February 19, 2012

C.U. Students Gather for LGBTQ Conference at Brown University

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Lesbian, Gay, Bisexual, Transexual and Queer Ivy League students gathered this weekend at Brown University for the third annual IvyQ conference, hosted this year by Brown’s Queer Alliance. IvyQ is the first conference to bring Ivy League schools together to discuss issues facing LGBTQ students on campus.

“The goal is to bridge the Ivy community for LGBTQ students and to explore issues” such as relations between the gay and straight communities, identification and gender issues facing the LGBTQ community, said Benjamin Gordon ’14, one of IvyQ’s Cornell organizers.

This weekend’s conference attracted almost 500 students, an increase from the event held at Columbia University in spring 2011, which drew 400 students, and from the first IvyQ at the University of Pennsylvania in spring 2010, which drew 300 students.

Despite the high overall turnout at the conference, Student Assembly LGBTQ Rep. Nate Treffeisen ’12 said he feels that Cornell is behind on LGBTQ acceptance when compared to fellow Ivy League universities. Only about 30 students from Cornell attended the conference.

“We’ve got a long way to go when looking at other Ivies in terms of general acceptance on campus and general social openness,” Treffeisen said. “While the structured events and organizations are very similar, I’ve found that students on campus at most of the Ivies generally feel more comfortable [about being openly gay] than a lot of Cornell students feel.”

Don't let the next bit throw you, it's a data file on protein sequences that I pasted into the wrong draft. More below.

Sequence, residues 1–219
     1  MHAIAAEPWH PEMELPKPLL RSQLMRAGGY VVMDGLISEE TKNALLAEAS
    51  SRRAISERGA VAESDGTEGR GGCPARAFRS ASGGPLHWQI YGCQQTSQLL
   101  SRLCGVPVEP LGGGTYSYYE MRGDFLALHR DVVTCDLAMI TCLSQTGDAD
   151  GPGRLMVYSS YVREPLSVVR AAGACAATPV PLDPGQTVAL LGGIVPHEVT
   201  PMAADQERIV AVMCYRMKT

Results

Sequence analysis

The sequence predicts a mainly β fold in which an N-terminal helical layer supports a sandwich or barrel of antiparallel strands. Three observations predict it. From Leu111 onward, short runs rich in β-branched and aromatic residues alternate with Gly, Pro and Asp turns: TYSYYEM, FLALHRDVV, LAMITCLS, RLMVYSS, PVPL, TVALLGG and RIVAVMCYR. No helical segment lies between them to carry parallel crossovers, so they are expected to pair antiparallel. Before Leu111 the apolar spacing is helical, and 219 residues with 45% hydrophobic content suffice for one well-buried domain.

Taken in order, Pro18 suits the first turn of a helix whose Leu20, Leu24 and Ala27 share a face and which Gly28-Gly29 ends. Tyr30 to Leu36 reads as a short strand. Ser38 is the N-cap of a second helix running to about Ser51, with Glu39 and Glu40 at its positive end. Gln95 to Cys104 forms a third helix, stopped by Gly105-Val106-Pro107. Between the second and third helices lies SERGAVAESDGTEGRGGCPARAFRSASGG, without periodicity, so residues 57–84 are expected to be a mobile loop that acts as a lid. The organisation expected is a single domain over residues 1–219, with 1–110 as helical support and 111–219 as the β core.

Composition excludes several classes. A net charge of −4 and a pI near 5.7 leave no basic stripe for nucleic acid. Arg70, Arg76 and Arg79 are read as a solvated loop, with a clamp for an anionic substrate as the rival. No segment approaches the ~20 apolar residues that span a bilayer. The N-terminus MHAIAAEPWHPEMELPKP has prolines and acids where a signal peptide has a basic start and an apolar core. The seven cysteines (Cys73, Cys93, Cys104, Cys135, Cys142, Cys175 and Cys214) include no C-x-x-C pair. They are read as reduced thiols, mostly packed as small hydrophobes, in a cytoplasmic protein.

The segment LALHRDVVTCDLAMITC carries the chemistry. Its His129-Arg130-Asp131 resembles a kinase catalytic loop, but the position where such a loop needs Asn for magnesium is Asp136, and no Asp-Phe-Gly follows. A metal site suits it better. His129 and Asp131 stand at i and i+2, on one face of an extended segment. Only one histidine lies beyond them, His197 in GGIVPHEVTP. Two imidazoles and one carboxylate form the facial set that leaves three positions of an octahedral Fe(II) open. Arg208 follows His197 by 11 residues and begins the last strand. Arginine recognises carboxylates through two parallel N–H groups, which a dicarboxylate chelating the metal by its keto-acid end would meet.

The conference attracts LGBTQ students and allies — supporters who do not personally identify as LGBTQ — from all eight Ivy League schools and a few other universities, according to Gordon.

“It’s great in general because you’re meeting people with similar goals,” Treffeisen said. “It brings people together.”

According to IvyQ’s website, the conference attempts to create a cohesive Ivy League LGBTQ community by teaching LGBTQ students and allies to examine their own identities while valuing the unique personalities of others.

The conference’s website was created as a forum for participants to anonymously submit thoughts, feelings and personal experiences surrounding gender and sexual identities before the conference, according to the IvyQ website. Submissions were used as material for discussion topics developed by IvyQ organizers for the event.

According to Treffeisen, the program was primarily organized into small discussion sessions with speakers. Session topics included health and sexual assault, identity, queer histories and sex and body positivity.

“The conference isn’t particularly about policies and things like that,” Treffeisen said. “It’s learning how to be yourself and learning how to live. It’s about gay history and gay life.”

Social events such as a talent show, a dance, an outing to downtown nightclubs and an on-campus movie screening were also offered to give participants a chance to socialize outside of the workshop setting.

A career fair on Saturday provided students an opportunity to network with IvyQ’s main sponsors, including Oliver Wyman, JP Morgan, Credit Suisse, Booz & Company and McKinsey & Company.

“It’s mostly a learning experience, but you’re making connections at other schools on a professional level and on a friendship basis that you can’t necessarily get on a day to day basis,” Treffeisen said. “You get to see what gay life is at other colleges.”

Original Author: Rachel Rabinowitz

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